Newspaper Archive of
The Ortonville Independent
Ortonville, Minnesota
Lyft
May 11, 1999     The Ortonville Independent
PAGE 2     (2 of 62 available)        PREVIOUS     NEXT      Full Size Image
 
PAGE 2     (2 of 62 available)        PREVIOUS     NEXT      Full Size Image
May 11, 1999
 

Newspaper Archive of The Ortonville Independent produced by SmallTownPapers, Inc.
Website © 2019. All content copyrighted. Copyright Information.     Terms Of Use.     Request Content Removal.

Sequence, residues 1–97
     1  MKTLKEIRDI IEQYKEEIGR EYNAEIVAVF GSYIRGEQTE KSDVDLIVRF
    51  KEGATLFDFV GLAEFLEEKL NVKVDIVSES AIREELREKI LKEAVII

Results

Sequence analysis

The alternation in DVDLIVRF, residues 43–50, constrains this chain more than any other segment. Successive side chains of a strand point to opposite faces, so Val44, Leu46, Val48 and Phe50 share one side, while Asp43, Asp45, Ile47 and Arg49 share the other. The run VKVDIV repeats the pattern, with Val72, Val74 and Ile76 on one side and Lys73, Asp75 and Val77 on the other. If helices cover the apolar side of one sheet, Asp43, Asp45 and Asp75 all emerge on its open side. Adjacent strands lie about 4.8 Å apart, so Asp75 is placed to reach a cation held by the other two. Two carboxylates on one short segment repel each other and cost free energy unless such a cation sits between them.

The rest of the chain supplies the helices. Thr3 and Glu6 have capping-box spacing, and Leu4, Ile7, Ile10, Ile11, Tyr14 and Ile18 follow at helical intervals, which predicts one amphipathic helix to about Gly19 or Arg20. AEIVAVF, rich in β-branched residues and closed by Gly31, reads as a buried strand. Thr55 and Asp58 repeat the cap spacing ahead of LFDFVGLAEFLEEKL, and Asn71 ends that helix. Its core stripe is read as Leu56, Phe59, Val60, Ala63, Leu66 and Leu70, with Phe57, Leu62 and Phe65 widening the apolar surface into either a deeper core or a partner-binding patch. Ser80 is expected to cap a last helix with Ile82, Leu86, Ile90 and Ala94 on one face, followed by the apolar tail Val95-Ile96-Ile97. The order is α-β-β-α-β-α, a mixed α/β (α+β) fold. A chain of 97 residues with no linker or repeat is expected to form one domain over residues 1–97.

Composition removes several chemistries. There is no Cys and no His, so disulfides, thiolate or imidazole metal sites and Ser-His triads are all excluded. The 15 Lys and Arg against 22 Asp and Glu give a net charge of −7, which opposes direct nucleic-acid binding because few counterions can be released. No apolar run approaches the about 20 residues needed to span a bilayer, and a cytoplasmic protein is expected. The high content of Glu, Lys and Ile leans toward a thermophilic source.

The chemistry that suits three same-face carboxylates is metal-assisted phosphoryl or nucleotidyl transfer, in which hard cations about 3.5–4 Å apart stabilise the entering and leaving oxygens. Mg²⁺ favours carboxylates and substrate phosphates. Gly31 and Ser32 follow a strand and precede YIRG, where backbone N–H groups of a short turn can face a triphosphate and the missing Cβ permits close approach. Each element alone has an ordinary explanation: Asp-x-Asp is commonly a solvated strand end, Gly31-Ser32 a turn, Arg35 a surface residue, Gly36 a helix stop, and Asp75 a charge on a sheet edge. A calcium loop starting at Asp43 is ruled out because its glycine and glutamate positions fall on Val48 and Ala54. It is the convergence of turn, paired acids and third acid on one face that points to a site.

We still can not figure out why the NATO forces, and our United Nations don't make a more simple task of getting rid of the Yugoslav Monster Milosevic, other than by the bombings that on many occasions are killing innocent people. Why don't we just send in a powerful United Nations task force ... whether it be by land or by air ... and march on the headquarters of Milosevic, demand his surrender and then try him for the hundreds of thousands of ethnic mur- ders of which he has ordered! In other words, let's get at the root of the evil over there! As stubborn as the dictator is, the bombings could go on for months, for years! and he would still be alive and his murders would continue! We've learned that there's an Ortonville tie to the great ride of Paul Revere ... back in the Revolutionary days of our nation. Do you know who owned the horse that Paul rode on that momentous day in history? It was John Larkin, the great, great, grandfather of Ortonville's Mike Larkin of Ortonville's Dairy Queen. Indeed, quite an honor on which to lay claim! Yet another small worlder! While eating at Jade Fountain, Chinese restaurant, in Wayzata recently, we struck up a conversation with one of the friendliest men we've ever met ... Dr. Norm Berlingcr. He lives in Plymouth and practices out of North Memorial Hospital, He is a surgeon in the field of eye-nose-throat. When he learned we were from Ortonville, he remarked that about 13 years ago, he would fly here frequently with another doctor, to see patients at the OrtonviUe Hospital. He is a native of Detroit, Michigan, and once worked as a professor at the U of M Hospitals. He knows Dr. John Najarian quite well, having worked Jack & Shirley Weber of Winona, operators of Western Express Bantam Electric Railroad write: "Just another Railroad Nut who has to have one of your Hobo Soup T-shirts. Not only do you have an excellent soup, but you have one of the nicest labels around. I have used a couple of them on my railroad layout. I first found your soup in New Hampshire while riding on the Conway Scenic Railroad and since then have been able to buy it from the Cashwise Market in St. Cloud. They no longer carry it but, I had quite a reserve of labels and passed them out to some of my rail- road buddies, l'm sure if you watch the railroad pubIlca. tlons you will flnd your label popping up all over the place. Thanks for the good time and the great product." MONDAY, 4 - 6 P.M. At a July Fourth barbecue last year, Marvin T. Runyon, Postmaster General of the United States, talked about a new breast cancer stamp. "He was very proud of it," recalls hospice volunteer Susan Simons, a board member of Alive Hospice in Nashville. However, Simons sensed a chance to suggest something she had been thinking about for a long time. "I told Marvin there needed to be a hospice stamp," she says. Runyon listened to his neighbor and friend. This fall, against the backdrop of NHO's 19th Annual Symposium and Exposition, postal officials announced plans for the nation's first hospice stamp. TI IESDAY, 4 - 6 P.M. Snowbirds Mickey and Shirley (nee Oswood) Heffernan inform us they should be back home around the first of May. "On April 3rd, we returned from 2-1/2 months in the Rio Grands Valley of Texas. Rented a trader in Pharr, right next to McAllen. Weather was hot, dry and windy, temps into the 90's. The last two days there we had our first rain. Spent some time with the Henry Kottwitz children ... Vern Kottwitz of Wyoming, Kay (Kottwltz) Strandvold of Miibank, Darlene (Kottwitz) Ceaser of Ortouville. Also saw the Bob Hineses and Joyce (Bagaus) Steffen. Do hope, Jim, you took care of the hometmhu while we were gone!" Paint thinner solvents can contaminate drinking water The following article is the second in a series of 3 articles in preparation for the Big Stone County Household Hazardous Waste Collection to be held on Saturday, May 15th from lOam - 2pm at the Big Stone County Highway Garage in Ortonville: Dumping a little leftover paint thinner in the trash may seem harm- less. But throwing away paint thinner and other solvents can contaminate drinking water and pollute lakes and streams, according to the Minnesota Pollution Control Agency (MPCA). Paint thinner and other household solvents contain chemicals which can be toxic to humans, pets and live- stock. At least half of Minnesota's landfills are polluting ground water with several toxic chemicals. Household chemicals including paint thinners and solvents can contribute to this landfill contamination prob- lem. Toxic chemicals may reach water supplies when solvents are dumped on the ground or poured down drains or storm sewers. Many storm sewers lead directly to lakes and streams. Paint thinners, degreasers, spot removers, furniture refinishers and turpentine are all potentially polluting solvents. The best way to get rid of leftover solvents is to use them up. If you can't use up your solvents, give them to someone who can. Friends, neighbors and community organizations may need unwanted solvents. To avoid having leftover or unwanted solvents, make sure you need a solvent before you buy one. If you decide you need a chemical sol- vent, purchase no more than you can use. Unfortunately, few disposal options are available for household solvents other than using them up. Homeowners should store solvents in a safe area away from children and pets. Solvents can be brought to the HHW Collection on Saturday, May 15th from 10am - 2pm at the Big Stone County Highway Garage in Ortonville. For more information and a fact sheet on solvents or other household hazardous wastes, contact the Big Stone County Environmental Services at (320)839-3136. Ortonville news Gall Maxwell, Phone 839-2207 Jerry and Alma Jorgenson attended the 90th birthday party for Lillian Struck at the Nassau Hall on Sunday afternoon, May 2rid. Jerry and Alma Jorgenson were Sunday evening, May 2nd visitors at the Vernon and Bert Longhenry home. Jerry and Alma Jorgenson helped Harry Loeschke celebrate his birthday on Tuesday, May 4th at his home. Audrey Koch visited Warren and Amy Kelm at Montevideo Saturday, May 1st. Audrey Koch visited Gloria Tilleman and Alice Dehne at Milbank Sunday, May 2nd. Ed Gerhardt's daughter from Coon Rapids came to visit him Wednesday, May 5th and left for home Thursday, May 6th. Phyllis Schluter went to lunch with Rose Conrad on Thursday, May 6th. Lula Hagen has moved from Big Stone to the Homerite Apartments in Ortonville. Lula Hagen's sister Mrs. Helen Gustafson from Carthage, SD came Wednesday, May'5th and was an overnight guest of Lula. George Van Hale's daughter Karen Skoog and a friend from Coon Rapids were May 1st weekend guests of George and Ruth Van Hale. Lloyd and Betty Herberg and Kathy Herberg were dinner guests Sunday, May 2nd with Karen Skoog and friend at George and Ruth Van hale's. Margaret Steinlicht of Milbank visited Lillian Danielson and several other friends at Northridge Wednesday, May 5th. Mr. and Mrs. Bud Guse from Douglas, WY visited the past week at the Floyd Guse home. Friends and family came to help Ernest Gerjets celebrate his birthday on Tuesday, May 4th. Dale and Eileen Williams and two sons-in-law visited the weekend of New granddaughter for Arlen Gieses Brenda and Todd Wold would like to announce the birth of their baby girl, Kendra, born on Friday, April 23rd, weighing 7 lbs., 1 oz. and was 19 inches long. She joins a brother, Christopher, 1-1/2, at home. Maternal grandparents are Mary and Aden Giese of Ortonville and paternal grandparents are Floyd and Jackie Wold of Sioux Falls, SD. May 1st at Clifford and Lizzie Hanson's and Alton and Bertha Hanson's home. Virginia Kuechenmeister and her three sons, Steve and Debbie Steuart and Nicholas, Wanda Koepke and her two grandsons, and Carlene and her little granddaughter Lydia all visited Saturday, May 1st at Clifford and Lizzie Hanson's and Alton and Bertha Hanson's home. Lillian Ninneman visited tuesday afternoon, April 27th at the Clifford and Alton Hanson's. Michael Ninneman and his son Michael Junior and Bill Ninneman were Tuesday evening, April 27th visitors at the Clifford and Alton Hanson's. Mr. and Mrs. Roman Karels attended a band concert at Grant- Deuei School in Revillo on Monday evening, May 3rd where there daughter Ellen Helgeson is the band instructor. Mrs. Roman Karels, Delores Karels and Bernette Karels enjoyed a noon luncheon at the Millstone in Milbank on Wednesday, May 5th. Joel Sorbel and Rose Van Stralen went to her sister and brother-in-law Marianne and Dale Lantis' home and celebrated Mother's Day with their Mother and Dad present and other relatives. These are the high card players at the Ortonville Senior Center. High bridge players on Friday afternoon, May 7th were Lloyd Sievers and Audrey Koch. The high whist players were Dorothy Krogsrud, Merle Kilvington and Rachel LaPolice on Tuesday, May 4th. Morris and Otenora Tietjen,were Thursday evening, May 6th visitors at the Jerry Jorgenson home. Walter and Marian Maatz of Bellingham and Norma Wittnebel were Friday, May 7th evening dinner guests at the Jerry Jorgenson home. Markets No. 1 Wheat ...................... 2.99 Soybeans ........................... 4.26 Corn ................................... 1.70 May 11, 1998 No. 1 Wheat ...................... 3.60 Soybeans ........................... 6.05 Corn ................................... 2.14 LISION g GLASS INC See Us For Complete Collision Repair and Auto Refinishing THE ROGGENBUCK BOYS, left to right, are Dillan, Dustin, Jorden and Jason. • Window Repair and Replacement • Free Estimates • Painting • Body Work (no dent too big or too small) • Glass Work Guaranteed -P_R O.G R E $S 11t' COLLISION & GLASS CENTER, INC. Steve and Linda Roggenbuck 109 SE 2nd Street • Ortonville, Minnesota 56278 • Phone (320) 839-2255 , Hours: Mon.-Frl. 8am-S:30pm; Thurs. nights til Spin; Sat. 9am-12 noon A \\;'t I I I [I Ill I I • Plans for preschool in Big Stone City Plans are underway to begin preschool in the fall at the Big Stone School, with two age groups, 3-5 years old. The younger group meets Tuesday and Thursday afternoons while the older group meets Monday, Wednesday and Friday afternoons. Principal Tom Libka stated the pro- motion of the educational program in the Big Stone City School District, preschoo.1 through eighth grade, is the main goal as the proposed preschool is tuition free for the first year. A small transportation fee would be charged if necessary. The program is limited to 10 chil- dren per level with Big Stone City children receiving preference. Please call the school office to reserve a spot and request registration information. Libka stated at this point a teacher for the preschool has not been deter- mined. When this decision is made, it will be reported to registered families. Bridal shower set for Heather Karels An open house bridal shower will be held for Heather Karels, bride-to- be of Paul Briggs, on Saturday, May 22 from 10 to 11:30 a.m. at the Legion Auxiliary Room in Bellingham. Heather is a granddaughter of Verna Borgerson and Arlene Karels. AMERICAN The original droll feeder was Peter Kilham - an artist, engineer, inventor and backyard birder. Dissatisfied with bird feeders that could more accurately be described as squirrel feeders, he took up the challenge of building something bet- ter. A feeder that would be attractive to birds and humans alike. Easy to use, hard to destroy, and as frustrating as possible to four-legged marauders. The result was the world's first tubular feeder, affection- ately called the A-6. He made some for his neighbors, a few more for friends, and pretty soon it seemed wanted one. peter rest is history. gUham From the 1905-1992 Yankees was all superior product still is. "A Century Old EI00I,4HUEL HOURS: Mon.-Fri. 9am-5:15pm; Sat. Toll Free 8884324568 306 South Third Street • South Dakota INDEPENDENT WANT ADS BRING Six Prairie Rivers... • Minnesota ...One .Chippewa • Yellow Medicine • Lac qui Parle CLEAN UP OUR RIVER ENVIRONMENT ,Pomme de Terre • Hawk Creek CURE Spring Observation Trip Canoe • Camp • Cook Out • Campfire Sing-Along • Star Gazing Nay 22 and 23 National Hospital & Homes for the Aging May 9 - 16 OAHS takes this opportunity to say "Thank You!" to our staff, to our patients and residents, community we serve. We're planning many events to show our appreciation. Everyone is FOOD DRIVE FOR BIG STONE COUNTY FOOD SHELF Canned & boxed goods will be collected May 9 t" - 16 *h for the Big Stone County Food Shelf, Items may be dropped off at the Front Desk of hospital and each of these Special Events. Admission to each of these Specia) Events = Donation(s) for the Food Drive "TO TOUCH A GRIEVING HEART" David Rivers, M.Ed. comes to us from "The Grief Center" from Rice Memorial Hospital in Willmar. Rivers will show a short video and talk about identifying and working through the stages of grief. Excellent material for yourself or to help you understand a loved one, or even a co-worker. (2 CEUs - call Kim at 839-4112 for more info.) BASIC CPR Case #1: You're at home watching your little brother and sister, and one of them begins to choke, do you know what to do? Case #2: The neighbor has hired you to baby-sit for her children for the summer. You take them to the park to play. One of them falls from the monkey bars and is not breathing. Do you know what to do? • This class is aimed to better prepare our youth that baby-sit for unforeseen situations but is open to any age. • CPR Certification & Re-certification available. • Please call (320) 839.4112 to REGISTER. • If under age 18, we ask that you OBTAIN A PARENTAL CONSENT FORM, and bring it with you, signed, to the class. CARDIAC RISK/CHOLE Only $15 + a Food Shelf Donation. Total Cholesterol - HDL - Ratios. • Fasting from 10 p.m. the night advised for best results; water • Payment required before the test=,, INSURANCE CLAIMS WILL BE I-, OAHS • Confidential results will be sent within 4-5 days. • Bring your Test Results to a and learn what "all these you and your lifestyle. Good, The Bad, and the Ugly" May 20t" from 9 - 10 am. "WHERE DID I GO WHEN I Connie Blasdell, an Advocate from Advocacy Resource Center for Big will talk about "healthy personal boundaries. You may what's happening right before our "Brown bag lunches" will be PRE-REGISTRATION d, but not required LOCATION: Lower Li;NoseMlnter=Educatlon Room COST: Admission to  of ese Spedai Every= = Donation(s) for the F De @ Ortonville Hospital 750 Eastvold Avenue Ortonville Area Health Services Ononville, MN 56278 Northridge Residence OAHS Home 1075 Roy Street 750 Eastvold Avenue Page 2  INDEPENDENT Tue We still can not figure out why the NATO forces, and our United Nations don't make a more simple task of getting rid of the Yugoslav Monster Milosevic, other than by the bombings that on many occasions are killing innocent people. Why don't we just send in a powerful United Nations task force ... whether it be by land or by air ... and march on the headquarters of Milosevic, demand his surrender and then try him for the hundreds of thousands of ethnic mur- ders of which he has ordered! In other words, let's get at the root of the evil over there! As stubborn as the dictator is, the bombings could go on for months, for years! and he would still be alive and his murders would continue! We've learned that there's an Ortonville tie to the great ride of Paul Revere ... back in the Revolutionary days of our nation. Do you know who owned the horse that Paul rode on that momentous day in history? It was John Larkin, the great, great, grandfather of Ortonville's Mike Larkin of Ortonville's Dairy Queen. Indeed, quite an honor on which to lay claim! Yet another small worlder! While eating at Jade Fountain, Chinese restaurant, in Wayzata recently, we struck up a conversation with one of the friendliest men we've ever met ... Dr. Norm Berlingcr. He lives in Plymouth and practices out of North Memorial Hospital, He is a surgeon in the field of eye-nose-throat. When he learned we were from Ortonville, he remarked that about 13 years ago, he would fly here frequently with another doctor, to see patients at the OrtonviUe Hospital. He is a native of Detroit, Michigan, and once worked as a professor at the U of M Hospitals. He knows Dr. John Najarian quite well, having worked Jack & Shirley Weber of Winona, operators of Western Express Bantam Electric Railroad write: "Just another Railroad Nut who has to have one of your Hobo Soup T-shirts. Not only do you have an excellent soup, but you have one of the nicest labels around. I have used a couple of them on my railroad layout. I first found your soup in New Hampshire while riding on the Conway Scenic Railroad and since then have been able to buy it from the Cashwise Market in St. Cloud. They no longer carry it but, I had quite a reserve of labels and passed them out to some of my rail- road buddies, l'm sure if you watch the railroad pubIlca. tlons you will flnd your label popping up all over the place. Thanks for the good time and the great product." MONDAY, 4 - 6 P.M. At a July Fourth barbecue last year, Marvin T. Runyon, Postmaster General of the United States, talked about a new breast cancer stamp. "He was very proud of it," recalls hospice volunteer Susan Simons, a board member of Alive Hospice in Nashville. However, Simons sensed a chance to suggest something she had been thinking about for a long time. "I told Marvin there needed to be a hospice stamp," she says. Runyon listened to his neighbor and friend. This fall, against the backdrop of NHO's 19th Annual Symposium and Exposition, postal officials announced plans for the nation's first hospice stamp. TI IESDAY, 4 - 6 P.M. Snowbirds Mickey and Shirley (nee Oswood) Heffernan inform us they should be back home around the first of May. "On April 3rd, we returned from 2-1/2 months in the Rio Grands Valley of Texas. Rented a trader in Pharr, right next to McAllen. Weather was hot, dry and windy, temps into the 90's. The last two days there we had our first rain. Spent some time with the Henry Kottwitz children ... Vern Kottwitz of Wyoming, Kay (Kottwltz) Strandvold of Miibank, Darlene (Kottwitz) Ceaser of Ortouville. Also saw the Bob Hineses and Joyce (Bagaus) Steffen. Do hope, Jim, you took care of the hometmhu while we were gone!" Paint thinner solvents can contaminate drinking water The following article is the second in a series of 3 articles in preparation for the Big Stone County Household Hazardous Waste Collection to be held on Saturday, May 15th from lOam - 2pm at the Big Stone County Highway Garage in Ortonville: Dumping a little leftover paint thinner in the trash may seem harm- less. But throwing away paint thinner and other solvents can contaminate drinking water and pollute lakes and streams, according to the Minnesota Pollution Control Agency (MPCA). Paint thinner and other household solvents contain chemicals which can be toxic to humans, pets and live- stock. At least half of Minnesota's landfills are polluting ground water with several toxic chemicals. Household chemicals including paint thinners and solvents can contribute to this landfill contamination prob- lem. Toxic chemicals may reach water supplies when solvents are dumped on the ground or poured down drains or storm sewers. Many storm sewers lead directly to lakes and streams. Paint thinners, degreasers, spot removers, furniture refinishers and turpentine are all potentially polluting solvents. The best way to get rid of leftover solvents is to use them up. If you can't use up your solvents, give them to someone who can. Friends, neighbors and community organizations may need unwanted solvents. To avoid having leftover or unwanted solvents, make sure you need a solvent before you buy one. If you decide you need a chemical sol- vent, purchase no more than you can use. Unfortunately, few disposal options are available for household solvents other than using them up. Homeowners should store solvents in a safe area away from children and pets. Solvents can be brought to the HHW Collection on Saturday, May 15th from 10am - 2pm at the Big Stone County Highway Garage in Ortonville. For more information and a fact sheet on solvents or other household hazardous wastes, contact the Big Stone County Environmental Services at (320)839-3136. Ortonville news Gall Maxwell, Phone 839-2207 Jerry and Alma Jorgenson attended the 90th birthday party for Lillian Struck at the Nassau Hall on Sunday afternoon, May 2rid. Jerry and Alma Jorgenson were Sunday evening, May 2nd visitors at the Vernon and Bert Longhenry home. Jerry and Alma Jorgenson helped Harry Loeschke celebrate his birthday on Tuesday, May 4th at his home. Audrey Koch visited Warren and Amy Kelm at Montevideo Saturday, May 1st. Audrey Koch visited Gloria Tilleman and Alice Dehne at Milbank Sunday, May 2nd. Ed Gerhardt's daughter from Coon Rapids came to visit him Wednesday, May 5th and left for home Thursday, May 6th. Phyllis Schluter went to lunch with Rose Conrad on Thursday, May 6th. Lula Hagen has moved from Big Stone to the Homerite Apartments in Ortonville. Lula Hagen's sister Mrs. Helen Gustafson from Carthage, SD came Wednesday, May'5th and was an overnight guest of Lula. George Van Hale's daughter Karen Skoog and a friend from Coon Rapids were May 1st weekend guests of George and Ruth Van Hale. Lloyd and Betty Herberg and Kathy Herberg were dinner guests Sunday, May 2nd with Karen Skoog and friend at George and Ruth Van hale's. Margaret Steinlicht of Milbank visited Lillian Danielson and several other friends at Northridge Wednesday, May 5th. Mr. and Mrs. Bud Guse from Douglas, WY visited the past week at the Floyd Guse home. Friends and family came to help Ernest Gerjets celebrate his birthday on Tuesday, May 4th. Dale and Eileen Williams and two sons-in-law visited the weekend of New granddaughter for Arlen Gieses Brenda and Todd Wold would like to announce the birth of their baby girl, Kendra, born on Friday, April 23rd, weighing 7 lbs., 1 oz. and was 19 inches long. She joins a brother, Christopher, 1-1/2, at home. Maternal grandparents are Mary and Aden Giese of Ortonville and paternal grandparents are Floyd and Jackie Wold of Sioux Falls, SD. May 1st at Clifford and Lizzie Hanson's and Alton and Bertha Hanson's home. Virginia Kuechenmeister and her three sons, Steve and Debbie Steuart and Nicholas, Wanda Koepke and her two grandsons, and Carlene and her little granddaughter Lydia all visited Saturday, May 1st at Clifford and Lizzie Hanson's and Alton and Bertha Hanson's home. Lillian Ninneman visited tuesday afternoon, April 27th at the Clifford and Alton Hanson's. Michael Ninneman and his son Michael Junior and Bill Ninneman were Tuesday evening, April 27th visitors at the Clifford and Alton Hanson's. Mr. and Mrs. Roman Karels attended a band concert at Grant- Deuei School in Revillo on Monday evening, May 3rd where there daughter Ellen Helgeson is the band instructor. Mrs. Roman Karels, Delores Karels and Bernette Karels enjoyed a noon luncheon at the Millstone in Milbank on Wednesday, May 5th. Joel Sorbel and Rose Van Stralen went to her sister and brother-in-law Marianne and Dale Lantis' home and celebrated Mother's Day with their Mother and Dad present and other relatives. These are the high card players at the Ortonville Senior Center. High bridge players on Friday afternoon, May 7th were Lloyd Sievers and Audrey Koch. The high whist players were Dorothy Krogsrud, Merle Kilvington and Rachel LaPolice on Tuesday, May 4th. Morris and Otenora Tietjen,were Thursday evening, May 6th visitors at the Jerry Jorgenson home. Walter and Marian Maatz of Bellingham and Norma Wittnebel were Friday, May 7th evening dinner guests at the Jerry Jorgenson home. Markets No. 1 Wheat ...................... 2.99 Soybeans ........................... 4.26 Corn ................................... 1.70 May 11, 1998 No. 1 Wheat ...................... 3.60 Soybeans ........................... 6.05 Corn ................................... 2.14 LISION g GLASS INC See Us For Complete Collision Repair and Auto Refinishing THE ROGGENBUCK BOYS, left to right, are Dillan, Dustin, Jorden and Jason. • Window Repair and Replacement • Free Estimates • Painting • Body Work (no dent too big or too small) • Glass Work Guaranteed -P_R O.G R E $S 11t' COLLISION & GLASS CENTER, INC. Steve and Linda Roggenbuck 109 SE 2nd Street • Ortonville, Minnesota 56278 • Phone (320) 839-2255 , Hours: Mon.-Frl. 8am-S:30pm; Thurs. nights til Spin; Sat. 9am-12 noon A \\;'t I I I [I Ill I I • Plans for preschool in Big Stone City Plans are underway to begin preschool in the fall at the Big Stone School, with two age groups, 3-5 years old. The younger group meets Tuesday and Thursday afternoons while the older group meets Monday, Wednesday and Friday afternoons. Principal Tom Libka stated the pro- motion of the educational program in the Big Stone City School District, preschoo.1 through eighth grade, is the main goal as the proposed preschool is tuition free for the first year. A small transportation fee would be charged if necessary. The program is limited to 10 chil- dren per level with Big Stone City children receiving preference. Please call the school office to reserve a spot and request registration information. Libka stated at this point a teacher for the preschool has not been deter- mined. When this decision is made, it will be reported to registered families. Bridal shower set for Heather Karels An open house bridal shower will be held for Heather Karels, bride-to- be of Paul Briggs, on Saturday, May 22 from 10 to 11:30 a.m. at the Legion Auxiliary Room in Bellingham. Heather is a granddaughter of Verna Borgerson and Arlene Karels. AMERICAN The original droll feeder was Peter Kilham - an artist, engineer, inventor and backyard birder. Dissatisfied with bird feeders that could more accurately be described as squirrel feeders, he took up the challenge of building something bet- ter. A feeder that would be attractive to birds and humans alike. Easy to use, hard to destroy, and as frustrating as possible to four-legged marauders. The result was the world's first tubular feeder, affection- ately called the A-6. He made some for his neighbors, a few more for friends, and pretty soon it seemed wanted one. peter rest is history. gUham From the 1905-1992 Yankees was all superior product still is. "A Century Old EI00I,4HUEL HOURS: Mon.-Fri. 9am-5:15pm; Sat. Toll Free 8884324568 306 South Third Street • South Dakota INDEPENDENT WANT ADS BRING Six Prairie Rivers... • Minnesota ...One .Chippewa • Yellow Medicine • Lac qui Parle CLEAN UP OUR RIVER ENVIRONMENT ,Pomme de Terre • Hawk Creek CURE Spring Observation Trip Canoe • Camp • Cook Out • Campfire Sing-Along • Star Gazing Nay 22 and 23 National Hospital & Homes for the Aging May 9 - 16 OAHS takes this opportunity to say "Thank You!" to our staff, to our patients and residents, community we serve. We're planning many events to show our appreciation. Everyone is FOOD DRIVE FOR BIG STONE COUNTY FOOD SHELF Canned & boxed goods will be collected May 9 t" - 16 *h for the Big Stone County Food Shelf, Items may be dropped off at the Front Desk of hospital and each of these Special Events. Admission to each of these Specia) Events = Donation(s) for the Food Drive "TO TOUCH A GRIEVING HEART" David Rivers, M.Ed. comes to us from "The Grief Center" from Rice Memorial Hospital in Willmar. Rivers will show a short video and talk about identifying and working through the stages of grief. Excellent material for yourself or to help you understand a loved one, or even a co-worker. (2 CEUs - call Kim at 839-4112 for more info.) BASIC CPR Case #1: You're at home watching your little brother and sister, and one of them begins to choke, do you know what to do? Case #2: The neighbor has hired you to baby-sit for her children for the summer. You take them to the park to play. One of them falls from the monkey bars and is not breathing. Do you know what to do? • This class is aimed to better prepare our youth that baby-sit for unforeseen situations but is open to any age. • CPR Certification & Re-certification available. • Please call (320) 839.4112 to REGISTER. • If under age 18, we ask that you OBTAIN A PARENTAL CONSENT FORM, and bring it with you, signed, to the class. CARDIAC RISK/CHOLE Only $15 + a Food Shelf Donation. Total Cholesterol - HDL - Ratios. • Fasting from 10 p.m. the night advised for best results; water • Payment required before the test=,, INSURANCE CLAIMS WILL BE I-, OAHS • Confidential results will be sent within 4-5 days. • Bring your Test Results to a and learn what "all these you and your lifestyle. Good, The Bad, and the Ugly" May 20t" from 9 - 10 am. "WHERE DID I GO WHEN I Connie Blasdell, an Advocate from Advocacy Resource Center for Big will talk about "healthy personal boundaries. You may what's happening right before our "Brown bag lunches" will be PRE-REGISTRATION d, but not required LOCATION: Lower Li;NoseMlnter=Educatlon Room COST: Admission to  of ese Spedai Every= = Donation(s) for the F De @ Ortonville Hospital 750 Eastvold Avenue Ortonville Area Health Services Ononville, MN 56278 Northridge Residence OAHS Home 1075 Roy Street 750 Eastvold Avenue Page 2  INDEPENDENT Tue